The Summer of Riesling started officially in New Zealand on January 12. It is a global happening designed to promote and excite the public about the versatile white wine that so many people in the wine industry adore.
Why is riesling loved and pontificated over so much? If I was going to compare the current status of riesling to anything else it would be jazz. Obsessed about by its true followers, misunderstood by the masses and, in the way that jazz can seem a little self-indulgent, riesling is often thought of as being a bit sweet.
Riesling has purity, a sense of place and a great history. But if that’s too wine geeky for you, riesling grows brilliantly in NZ, suiting our cool to moderate climate and offering a range of styles from the refreshingly dry to the unctuously sweet with everything in-between.
Off dry, lower alcohol styles are great for lunch as you can have a glass or two and still operate machinery in the afternoon. Dry rieslings are brilliant food wines, especially with seafood. And if you don’t like very sweet, botrytis riesling with blue cheese, you don’t like life.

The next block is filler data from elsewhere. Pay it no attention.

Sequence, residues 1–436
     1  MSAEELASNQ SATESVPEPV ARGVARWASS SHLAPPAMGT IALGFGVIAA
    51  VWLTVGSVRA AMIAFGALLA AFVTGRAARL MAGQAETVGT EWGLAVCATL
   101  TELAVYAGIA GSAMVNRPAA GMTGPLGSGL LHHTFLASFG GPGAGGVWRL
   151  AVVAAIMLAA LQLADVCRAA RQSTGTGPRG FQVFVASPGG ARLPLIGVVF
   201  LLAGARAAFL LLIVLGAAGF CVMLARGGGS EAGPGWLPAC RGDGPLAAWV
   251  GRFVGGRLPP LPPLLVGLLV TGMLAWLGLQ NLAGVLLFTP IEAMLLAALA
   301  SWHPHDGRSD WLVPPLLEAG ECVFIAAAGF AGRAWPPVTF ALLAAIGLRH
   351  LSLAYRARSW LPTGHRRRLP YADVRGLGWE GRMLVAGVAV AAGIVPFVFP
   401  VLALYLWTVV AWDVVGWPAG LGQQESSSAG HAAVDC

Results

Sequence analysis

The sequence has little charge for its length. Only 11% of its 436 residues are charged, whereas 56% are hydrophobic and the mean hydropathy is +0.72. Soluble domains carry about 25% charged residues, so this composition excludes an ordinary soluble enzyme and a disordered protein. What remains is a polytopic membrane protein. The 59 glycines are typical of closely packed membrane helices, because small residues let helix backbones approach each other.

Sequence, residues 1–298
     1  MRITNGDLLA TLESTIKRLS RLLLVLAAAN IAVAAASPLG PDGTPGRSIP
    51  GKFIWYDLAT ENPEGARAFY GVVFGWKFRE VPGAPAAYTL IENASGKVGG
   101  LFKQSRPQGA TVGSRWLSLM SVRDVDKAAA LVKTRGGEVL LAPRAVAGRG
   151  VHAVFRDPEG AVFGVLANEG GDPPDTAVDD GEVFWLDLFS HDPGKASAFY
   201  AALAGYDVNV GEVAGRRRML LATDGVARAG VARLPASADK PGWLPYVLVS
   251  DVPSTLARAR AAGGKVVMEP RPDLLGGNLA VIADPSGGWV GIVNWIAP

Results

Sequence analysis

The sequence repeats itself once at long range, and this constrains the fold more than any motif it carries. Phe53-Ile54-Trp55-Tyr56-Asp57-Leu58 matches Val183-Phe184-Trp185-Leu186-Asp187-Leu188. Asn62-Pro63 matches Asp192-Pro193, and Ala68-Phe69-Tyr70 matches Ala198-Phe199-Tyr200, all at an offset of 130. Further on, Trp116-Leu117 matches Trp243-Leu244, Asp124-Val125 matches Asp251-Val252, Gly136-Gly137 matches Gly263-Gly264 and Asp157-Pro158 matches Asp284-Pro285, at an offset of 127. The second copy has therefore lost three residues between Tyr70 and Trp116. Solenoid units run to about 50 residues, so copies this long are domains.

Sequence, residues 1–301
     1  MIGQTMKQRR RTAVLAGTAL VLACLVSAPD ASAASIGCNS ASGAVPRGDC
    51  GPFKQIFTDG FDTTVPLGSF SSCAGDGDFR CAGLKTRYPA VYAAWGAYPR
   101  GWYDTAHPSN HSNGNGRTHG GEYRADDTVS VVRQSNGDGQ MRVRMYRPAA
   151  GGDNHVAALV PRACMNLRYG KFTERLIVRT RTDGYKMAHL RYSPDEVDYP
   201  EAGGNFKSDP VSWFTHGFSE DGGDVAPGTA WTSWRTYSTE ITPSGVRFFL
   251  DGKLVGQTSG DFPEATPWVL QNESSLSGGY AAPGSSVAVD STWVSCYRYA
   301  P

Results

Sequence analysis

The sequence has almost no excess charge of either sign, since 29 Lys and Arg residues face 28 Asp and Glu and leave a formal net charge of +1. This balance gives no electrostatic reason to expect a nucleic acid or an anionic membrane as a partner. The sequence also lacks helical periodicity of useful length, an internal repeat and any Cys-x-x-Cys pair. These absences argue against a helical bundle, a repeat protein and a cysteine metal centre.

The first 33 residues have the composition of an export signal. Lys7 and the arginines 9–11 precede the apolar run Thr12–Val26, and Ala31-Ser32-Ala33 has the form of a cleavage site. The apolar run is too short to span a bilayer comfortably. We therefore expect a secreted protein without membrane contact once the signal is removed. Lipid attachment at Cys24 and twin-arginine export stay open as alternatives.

So how can you get involved, you ask?
Well, there are The Summer of Riesling NZ social media platforms such as Facebook and Twitter to start with, where you can find out about local events and participants. There are restaurants, shops and bars such as Wine Tastes, Fishbone, Vknow and The Rees that are involved and putting on special wine lists and tastings during the summer months. Look out for a gang of renegade local winemakers hosting impromptu tastings around Queenstown, dressed as nuns and even a Father Riesling Christmas, educating the public about riesling.
I myself will be hosting a couple of pop-up tastings outside the college in the next two weeks, harassing passers-by into sampling the wine of the summer. There’s also a Summer of Riesling tasting to be held at Queenstown Resort College this coming Tuesday at 6pm where you can taste a line-up of local and German rieslings for $10 per person. Chris Ayrson of Peregrine will also be unleashing a few older rieslings from their cellars.
To get you in the mood and give you an idea of just how lucky we are in this area to have such magnificent rieslings, here are three I’ve tasted recently that rocked my world.
Auburn Lowburn Riesling 2011: This guy only makes riesling. Clean, fresh, limey and juicy. Medium sweetness.
Mount Edward Riesling 2008: Riesling aficionados often seen dressed as blue nuns. Honeyed, peachy, citrusy and delicious. Off dry.
Peregrine Charcoal Creek Riesling 2011: The sweeter one of three styles from Peregrine. Intense, luscious, floral and crisp. Medium sweet with lower alcohol.
Paul Tudgay is the Queenstown Resort College business hospitality manager and a wine appreciation lecturer